The most contentious matter however, was the result of the General Secretary post, wherein the total votes did not tally with the other posts, and an increment of 200 votes was seen.

The panel, along with their supporters, alleged that the EVMs were not working properly and demanded the recounting of votes, despite having tested the EVMs on their functionality on morning of the elections themselves.  All electoral candidates were invited by the Election Commission to affirm the correct working of the EVMs, post which they signed a document, confirming the same.

They staged aggressive protests outside the Principal’s office on the evening of the elections, wherein things got violent as students banged the doors and the windows of the admin block, demanding an answer from the administration. 

The 11th of September was a new day for everyone but it brought with it the putridity of protests. The other two candidates, along with their followers assembled outside the staff room of the college, sat there and shouted slogans. Interestingly, the protests questioned Diksha Verma’s win, rather than questioning the working of EVMs. “Diksha Verma nahi chahiye” (We don’t want Diksha Verma) “Goondaraj nahi chahiye” (We don’t want hooliganism), were some slogans that the students were heard shouting. Most of them, it is believed, belonged to the college hostel. 

This protest witnessed around 100 students blocking the corridor of the college, as they were sitting outside Lab 5, the room in which the Students’ Advisory Board (SAB) was deliberating the fate of the elections. The protesters were joined by Debangana Baruah, who was the DRCSU President from 2014-15, and Nandita Nain, who was a presidential candidate in 2017. Both ex-students of the college were seen enticing the students and motivating them to raise such slogans. This practice raised several concerns as it is a clear violation of the Lyngdoh Committee Recommendations Clause 6.3.1.

Nandita Nain (ex-student, in white, with a black bag), seen with Sonia Sehrawat, the opposing Presidential candidate (standing next to Nandita) during the protest.
Nandita Nain (ex-student, in white, with a black bag), seen with Sonia Sehrawat, the opposing Presidential candidate (standing next to Nandita) during the protest.
Debangana Baruah (in a green kurta), the Ex-President of DRC in the college during the protest.
Debangana Baruah (in a green kurta), the Ex-President of DRC in the college during the protest.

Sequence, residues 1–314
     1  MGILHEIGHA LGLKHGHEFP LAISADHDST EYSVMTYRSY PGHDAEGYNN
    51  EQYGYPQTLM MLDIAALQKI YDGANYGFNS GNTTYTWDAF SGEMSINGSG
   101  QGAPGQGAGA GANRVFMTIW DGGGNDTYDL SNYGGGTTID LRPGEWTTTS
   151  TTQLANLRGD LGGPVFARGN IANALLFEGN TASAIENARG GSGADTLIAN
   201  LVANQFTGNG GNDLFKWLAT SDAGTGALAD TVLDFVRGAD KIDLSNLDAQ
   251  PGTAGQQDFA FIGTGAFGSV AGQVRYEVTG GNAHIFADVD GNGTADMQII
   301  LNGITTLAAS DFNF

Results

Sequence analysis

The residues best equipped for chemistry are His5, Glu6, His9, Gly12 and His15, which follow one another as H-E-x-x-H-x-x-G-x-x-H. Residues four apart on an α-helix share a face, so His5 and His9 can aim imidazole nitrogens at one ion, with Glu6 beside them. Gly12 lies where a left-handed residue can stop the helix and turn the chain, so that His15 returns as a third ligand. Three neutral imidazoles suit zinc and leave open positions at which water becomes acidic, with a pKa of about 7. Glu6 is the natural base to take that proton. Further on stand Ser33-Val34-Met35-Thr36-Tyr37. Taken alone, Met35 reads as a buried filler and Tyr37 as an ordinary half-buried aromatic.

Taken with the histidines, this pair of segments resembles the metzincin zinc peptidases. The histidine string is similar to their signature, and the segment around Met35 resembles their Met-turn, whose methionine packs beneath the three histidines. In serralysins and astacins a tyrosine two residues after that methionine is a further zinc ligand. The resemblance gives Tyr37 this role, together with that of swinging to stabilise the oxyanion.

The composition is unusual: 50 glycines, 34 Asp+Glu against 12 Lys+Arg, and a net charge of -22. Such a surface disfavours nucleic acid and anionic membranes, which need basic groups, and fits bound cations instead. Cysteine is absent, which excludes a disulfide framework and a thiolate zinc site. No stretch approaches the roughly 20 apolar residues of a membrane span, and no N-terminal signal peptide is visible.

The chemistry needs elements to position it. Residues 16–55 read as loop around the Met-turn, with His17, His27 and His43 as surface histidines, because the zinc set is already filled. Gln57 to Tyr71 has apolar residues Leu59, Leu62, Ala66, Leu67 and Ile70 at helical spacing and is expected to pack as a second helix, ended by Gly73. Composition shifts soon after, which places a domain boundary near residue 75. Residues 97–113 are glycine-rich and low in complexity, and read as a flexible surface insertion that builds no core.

Later, a demand for re-elections was also raised by the protesters. The Election Committee agreed to it and informally announced the scheduling of the re-elections to be held on the 13th of September, 2018. However, no such notice was delivered officially to the students from the administration or the Principal. The protesters rejoiced and dispersed, and the news of the re-elections, which was still not confirmed officially, spread like wild fire. 

The evening of 12th September, brought about a message from the convenor of the SAB, calling all electoral candidates to the committee room of the college on 13th of September, at 10 a.m. The SAB along with the Principal of the college addressed all the queries and concerns of the candidates, they were re-assured that the elections have been carried out in a fair manner, with discrepancies in the post of General Secretary, which were caused due to a fault in the buttons of that specific post. The meeting resulted in the official declaration of Diksha Verma as the President of DRCSU 2018-19. The solution for the matter of General Secretary was not that of a re-election, but the inculcation of all three electoral candidates in DRCSU as the General Secretary.

The official notice was uploaded on the DRC website after the meeting.
The official notice was uploaded on the DRC website after the meeting.

The Oath Taking Ceremony was held on 14th September, wherein only the President, General Secretary, and ICC member participated. Meanwhile, the opposition continued their protest outside the college building demanding “justice.”

Diksha Verma, during the official oath taking ceremony held today.
Diksha Verma, during the official oath taking ceremony held today.


Feature Image Credits – Students of Daulat Ram College

Akshada Shrotryia